Q. Describe the importance of the best practice guidelines you helped develop for clinicians prescribing opioids and how they will make a difference for patients.

A. Dr. Wakeman: Partly, we want to support our prescribers. These are tough issues to navigate. There are a lot of external checks and balances and requirements through the new legislation that prescribers have to be sure they’re meeting. Having a balanced approach, as Eric mentioned, can be tough. We wanted to develop a framework and a toolbox so that our prescribers know the parameters within which to operate and understand the new requirements. We also want to help them develop a strategy for addressing what can be really difficult clinical situations and to ensure that all patients are getting the same type of excellent care regardless of the clinical context in which they’re encountering a provider.

Dr. Weil: I would say that part of the importance of developing our own best practice guidelines is that our clinicians now have a real sense of ownership regarding their content. There are lots of guidelines and checklists that have been created by many very reputable organizations, and those are important. But to be able to say that your colleagues created this internally within your organization increases the chances that it’s going to be embraced.

Dr. Wakeman: I think this will make a difference for patients in that they can be assured that all providers are going to be functioning within the same guidelines. There shouldn’t be a different experience if a patient goes to one provider versus another provider. Patient safety and experience is at the forefront of our intentions with these guidelines, to keep both our patients and communities safe and to ensure that we’re addressing their pain in a meaningful and comprehensive fashion.

Q. Describe the Task Force’s partnership with the Substance Use Disorder Initiative (SUDs). What is the role of the clinical champions in Mass General’s efforts to implement the new guidelines?

A. Dr. Wakeman: I think the partnership with the Substance Use Disorders (SUDs) Initiative has been crucial. I’m medical director of the SUDs Initiative, and I also practice as a primary care physician at one of our health centers. Working in partnership with Dr. Weil, part of my role on the Task Force has been ensuring that its work is very tightly linked to the work of the SUDs Initiative. With both of those efforts, the goal is excellent patient care, be it patients suffering from substance use disorder or those suffering from pain.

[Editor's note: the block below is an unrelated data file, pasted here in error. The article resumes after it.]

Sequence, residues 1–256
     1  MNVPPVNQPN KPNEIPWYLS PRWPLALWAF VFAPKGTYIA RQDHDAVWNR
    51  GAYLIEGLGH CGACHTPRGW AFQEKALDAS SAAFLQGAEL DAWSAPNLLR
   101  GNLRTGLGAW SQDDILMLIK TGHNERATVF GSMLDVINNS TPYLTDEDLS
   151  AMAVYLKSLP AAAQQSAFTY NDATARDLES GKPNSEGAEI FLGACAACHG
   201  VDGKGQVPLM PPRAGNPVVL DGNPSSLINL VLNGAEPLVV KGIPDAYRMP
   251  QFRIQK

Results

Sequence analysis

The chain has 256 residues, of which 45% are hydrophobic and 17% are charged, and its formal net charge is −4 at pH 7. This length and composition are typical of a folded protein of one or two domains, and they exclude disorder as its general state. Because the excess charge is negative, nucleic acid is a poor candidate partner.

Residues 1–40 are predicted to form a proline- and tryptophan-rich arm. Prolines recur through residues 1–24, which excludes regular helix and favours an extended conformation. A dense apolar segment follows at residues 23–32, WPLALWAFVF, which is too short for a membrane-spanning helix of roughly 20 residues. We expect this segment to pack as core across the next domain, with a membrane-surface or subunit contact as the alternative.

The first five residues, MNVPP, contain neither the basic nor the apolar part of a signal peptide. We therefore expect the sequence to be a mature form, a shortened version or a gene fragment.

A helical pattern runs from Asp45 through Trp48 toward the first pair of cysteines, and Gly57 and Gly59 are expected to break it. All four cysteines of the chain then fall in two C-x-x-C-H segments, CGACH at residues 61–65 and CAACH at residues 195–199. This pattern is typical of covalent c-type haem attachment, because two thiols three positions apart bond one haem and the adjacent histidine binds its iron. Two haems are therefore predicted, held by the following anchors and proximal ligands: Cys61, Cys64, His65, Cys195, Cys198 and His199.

Dr. Weil: In a big organization it’s easy for really good, well-meaning people to work in silos, and so having people like Dr. Wakeman, who can cross between related programs, means that those programs won’t move in different directions. It really makes them both more effective.

Our hope for the clinical champions is that they have the capacity to implement the work through the lens of whatever their specialty is. What a urologist is going to need to do around the guidelines is probably quite different from what a dermatologist or a primary care physician is going to need to do. The general concepts are the same, but how you actually make it happen, and how you communicate with your own organization, is different. Our hope is that those clinical champions can take the work, understand it in the context of their own profession and then translate it appropriately.

Q. When should opioids be prescribed?

A. Dr. Wakeman: That’s a challenging question, but we would say in general opioids should be prescribed for severe pain that isn’t relieved by other interventions, such as other medications that perhaps have less risk than opioids, like anti-inflammatory medications. Some pain can be better managed with things like an injection to treat inflammation, or even acupuncture or physical therapy. I think opioids are a very effective medication. They can be life-saving and certainly improve quality of life for some patients, but they also carry risks. Prescribers have to be thoughtful about using them only in circumstances where the benefits outweigh the risks.

Q. Given the stigma surrounding opioid misuse, how do clinicians help patients openly communicate their substance use disorders?

A. Dr. Wakeman: A main goal of the Substance Use Disorder Initiative is really addressing the stigma surrounding addiction or substance use disorder. Part of that is beginning to help people see addiction as truly a chronic medical disease that isn’t any different from diabetes, hypertension, obesity or other mental illnesses like depression. Addiction is something that’s not the patient’s fault: it’s caused by a mix of genetics and environment or exposure. There’s treatment that’s effective, and most people will recover. We’ve done a lot of work around educating our medical staff, our patients and our communities about coming to see addiction this way, because we know that fear of stigma is one of the main reasons people don’t seek out treatment. Only one in 10 people with addiction get treatment in any given year.

I think talking about it openly helps reduce stigma: having everyone from the president of our hospital to the president of our physician’s organization on down talking about this as a chronic medical disease that’s treatable sends a strong message about culture change. We must then make sure that treatment is available. Part of the stigma that gets perpetuated is because of a lack of treatment, resulting in a feeling of helplessness both for patients and their loved ones and for clinicians, who want to take care of patients, but maybe feel like they don’t have the resources to offer. Clinicians really trying to step up and offer effective treatment at any encounter with a patient makes a big difference.